“We were opposed to the U.S.S.R., no one wanted the Communists to stay in power. We all gave in our [Communist] Party membership cards… But we voted against independent Ukraine, and all Crimeans did the same.

“We came back on the trawler to Sevastopol in what was now Ukraine, and got together outside our fishing firm, and started to talk and complain because we all voted for one thing and we got another. I met a friend… He said “I dealt with all the voting process, I saw that all the results from all the boats were a vote for independent Ukraine and Ukrainian Crimea.” So I went round all my acquaintances and asked how they had voted – and it turned out almost all had voted against Ukraine and against Ukrainian Crimea. But the results were the opposite.

“I can explain why. Our bosses in Sevastopol couldn’t do anything without permission from Moscow, we were completely dependent on Moscow. And those local managers thought, if we’re cut off from Moscow and there’s no new system here, then there’s a gap. There was no administration in Moscow anymore and there was no administration in Kiev yet, and what started was total robbery. Scrap metal, equipment… The Sevastopol director became a dollar millionaire…

“We wanted to remove the Communists from power but keep the integrity of Russia – alright, the Caucasus, Georgia, Armenia, even the Baltics could go, even though my wife was born in the Baltics… but we wanted Russia, Belarus and Ukraine to stay together, so it was a shock when this happened… Crimea always wanted to return to Russia, it was just that all those events like Maiden [demonstrations in Kyiv in 2103-14] speeded up the process…

“We should live in peace, like when we were victorious together in 1945. All was fine then. Yes, our political system was not the right one but in 1991 that political system didn’t exist, so why did we have to be divided up? All we understand, is that no one loves the strong. And so they started to break up the army, they started breaking up the military-industrial complex, until Putin appeared and started to rebuild it we were sitting on our bare arses. Then he started to revive and rebuild Russia and of course neither America nor anyone else likes that. Sanctions are useless though, the more they pressure us the stronger we get, we’re such a people.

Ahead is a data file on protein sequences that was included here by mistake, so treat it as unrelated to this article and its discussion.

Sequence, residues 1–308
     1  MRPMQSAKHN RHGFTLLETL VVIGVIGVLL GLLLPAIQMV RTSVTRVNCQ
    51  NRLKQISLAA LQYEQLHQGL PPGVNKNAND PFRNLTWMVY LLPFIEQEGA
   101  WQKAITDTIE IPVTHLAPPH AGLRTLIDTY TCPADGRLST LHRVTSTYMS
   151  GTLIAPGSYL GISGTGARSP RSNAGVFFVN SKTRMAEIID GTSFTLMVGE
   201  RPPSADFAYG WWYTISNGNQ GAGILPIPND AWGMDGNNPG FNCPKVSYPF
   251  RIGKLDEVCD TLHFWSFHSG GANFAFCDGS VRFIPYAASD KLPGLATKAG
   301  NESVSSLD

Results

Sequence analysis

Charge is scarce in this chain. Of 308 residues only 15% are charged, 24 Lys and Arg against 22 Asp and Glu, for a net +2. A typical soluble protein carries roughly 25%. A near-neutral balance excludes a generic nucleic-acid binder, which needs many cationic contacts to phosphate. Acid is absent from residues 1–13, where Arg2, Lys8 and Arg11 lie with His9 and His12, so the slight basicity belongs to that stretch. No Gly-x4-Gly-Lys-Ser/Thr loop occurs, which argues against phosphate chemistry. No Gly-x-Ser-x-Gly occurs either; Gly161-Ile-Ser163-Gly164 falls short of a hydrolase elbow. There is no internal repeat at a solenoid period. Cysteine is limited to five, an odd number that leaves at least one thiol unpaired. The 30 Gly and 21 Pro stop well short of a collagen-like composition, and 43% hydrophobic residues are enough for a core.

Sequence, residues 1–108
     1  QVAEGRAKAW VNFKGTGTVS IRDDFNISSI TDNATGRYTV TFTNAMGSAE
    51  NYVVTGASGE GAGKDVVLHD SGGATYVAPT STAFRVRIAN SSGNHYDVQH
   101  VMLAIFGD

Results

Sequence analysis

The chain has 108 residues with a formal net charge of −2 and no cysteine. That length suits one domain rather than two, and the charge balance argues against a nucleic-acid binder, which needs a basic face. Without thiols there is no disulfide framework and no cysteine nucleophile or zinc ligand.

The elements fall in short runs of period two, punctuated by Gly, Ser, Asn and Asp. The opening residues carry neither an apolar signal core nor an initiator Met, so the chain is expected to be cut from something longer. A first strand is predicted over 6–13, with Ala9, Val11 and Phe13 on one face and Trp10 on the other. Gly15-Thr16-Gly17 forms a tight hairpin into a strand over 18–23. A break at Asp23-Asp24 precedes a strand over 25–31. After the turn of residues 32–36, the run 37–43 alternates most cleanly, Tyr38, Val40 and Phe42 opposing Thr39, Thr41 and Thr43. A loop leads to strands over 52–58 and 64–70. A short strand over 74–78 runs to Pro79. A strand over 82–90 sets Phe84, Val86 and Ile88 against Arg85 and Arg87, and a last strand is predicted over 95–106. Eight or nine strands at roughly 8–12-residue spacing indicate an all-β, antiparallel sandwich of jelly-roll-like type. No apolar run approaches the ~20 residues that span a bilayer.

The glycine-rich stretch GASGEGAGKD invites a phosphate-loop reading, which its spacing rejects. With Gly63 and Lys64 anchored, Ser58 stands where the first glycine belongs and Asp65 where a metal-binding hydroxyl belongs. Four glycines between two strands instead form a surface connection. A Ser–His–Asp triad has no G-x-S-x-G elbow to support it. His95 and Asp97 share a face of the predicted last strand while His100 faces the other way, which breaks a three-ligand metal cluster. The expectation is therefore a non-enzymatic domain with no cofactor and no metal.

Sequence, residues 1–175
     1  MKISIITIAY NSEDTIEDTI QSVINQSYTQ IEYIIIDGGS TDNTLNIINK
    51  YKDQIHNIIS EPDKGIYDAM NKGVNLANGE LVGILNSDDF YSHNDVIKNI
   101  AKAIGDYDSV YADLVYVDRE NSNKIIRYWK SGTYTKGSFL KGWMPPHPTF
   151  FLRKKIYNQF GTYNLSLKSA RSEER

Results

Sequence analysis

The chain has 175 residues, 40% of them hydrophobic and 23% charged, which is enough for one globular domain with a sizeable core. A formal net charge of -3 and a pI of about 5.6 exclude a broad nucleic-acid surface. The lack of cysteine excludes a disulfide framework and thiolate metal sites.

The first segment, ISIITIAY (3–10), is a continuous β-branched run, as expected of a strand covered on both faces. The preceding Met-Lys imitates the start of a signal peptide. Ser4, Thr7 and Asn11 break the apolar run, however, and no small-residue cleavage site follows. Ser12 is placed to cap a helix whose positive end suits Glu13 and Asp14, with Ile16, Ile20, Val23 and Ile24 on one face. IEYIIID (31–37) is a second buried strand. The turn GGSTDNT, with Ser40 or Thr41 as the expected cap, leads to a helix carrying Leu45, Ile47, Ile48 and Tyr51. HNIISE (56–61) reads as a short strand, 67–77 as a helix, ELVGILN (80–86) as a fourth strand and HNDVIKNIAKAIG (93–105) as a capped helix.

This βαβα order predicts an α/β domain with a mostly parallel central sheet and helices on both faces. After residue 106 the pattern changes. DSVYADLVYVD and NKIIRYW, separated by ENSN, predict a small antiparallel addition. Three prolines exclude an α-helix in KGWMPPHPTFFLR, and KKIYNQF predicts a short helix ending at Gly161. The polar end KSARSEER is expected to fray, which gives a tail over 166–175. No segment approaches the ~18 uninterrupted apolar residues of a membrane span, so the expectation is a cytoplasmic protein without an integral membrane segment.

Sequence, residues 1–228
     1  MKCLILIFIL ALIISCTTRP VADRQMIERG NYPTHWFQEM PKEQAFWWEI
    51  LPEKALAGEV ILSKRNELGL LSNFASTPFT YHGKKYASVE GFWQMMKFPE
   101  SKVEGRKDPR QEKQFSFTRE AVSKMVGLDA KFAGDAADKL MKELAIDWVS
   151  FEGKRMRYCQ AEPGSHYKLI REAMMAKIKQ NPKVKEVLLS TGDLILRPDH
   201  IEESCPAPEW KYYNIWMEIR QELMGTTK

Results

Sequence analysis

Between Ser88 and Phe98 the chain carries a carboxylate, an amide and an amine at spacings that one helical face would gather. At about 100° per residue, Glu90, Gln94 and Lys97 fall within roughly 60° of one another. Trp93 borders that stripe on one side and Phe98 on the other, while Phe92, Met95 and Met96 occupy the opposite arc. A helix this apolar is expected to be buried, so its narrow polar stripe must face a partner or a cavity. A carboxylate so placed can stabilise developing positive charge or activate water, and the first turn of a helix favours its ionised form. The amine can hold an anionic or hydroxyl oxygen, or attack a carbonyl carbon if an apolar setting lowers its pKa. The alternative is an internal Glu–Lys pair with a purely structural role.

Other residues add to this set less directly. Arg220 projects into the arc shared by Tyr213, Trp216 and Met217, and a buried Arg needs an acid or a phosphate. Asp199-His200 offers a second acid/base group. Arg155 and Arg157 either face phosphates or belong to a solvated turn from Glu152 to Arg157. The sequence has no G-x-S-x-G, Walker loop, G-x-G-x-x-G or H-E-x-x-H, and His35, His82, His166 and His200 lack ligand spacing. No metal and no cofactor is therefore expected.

“But we would be friends again with pleasure, and fight against terrorism or any kind of disorder together with the Americans and the British.”

— Vladimir Maklakov, Sevastopol

 Lightbulbs installation, Yalta  

“We think this installation is for the blackout last winter. I really like it. It was put up last spring. Honestly speaking, people totally didn’t suffer or worry during the blackout. Yes it was a bit tough and cold and we had no light, but on the whole the mood was very positive and friendly and united, we survived it very well. Yes it was bad that Ukraine cut us off, but they ended up just harming themselves, and we’re not dependent on Ukraine anymore…

“I’m from Kazakhstan but I’ve lived and worked here for a long time, I fell in love with this place. It hasn’t changed so much. Well of course the overall situation has changed, there are new laws and regulations now. It was lot simpler earlier, you could take some money and settle a question in a day, it just depended on the size of the problem and the amount of money. Now it’s not so open, it’s got a lot more complicated with bribes. Medicine is free now, that’s really good… I think of course there’s still corruption here as everywhere. All the people who were in charge before are still in charge, and they can’t change in one day. But they got a bit more modest, and there’s a fight against them.

“I have a Kazakh passport and I’m thinking now how to get Russian citizenship, so I can stay here. I don’t have any basis for it, I’d have to get married or have close relatives here. I think I need to have a marriage of convenience.”

— Svetlana Yefremova, Yalta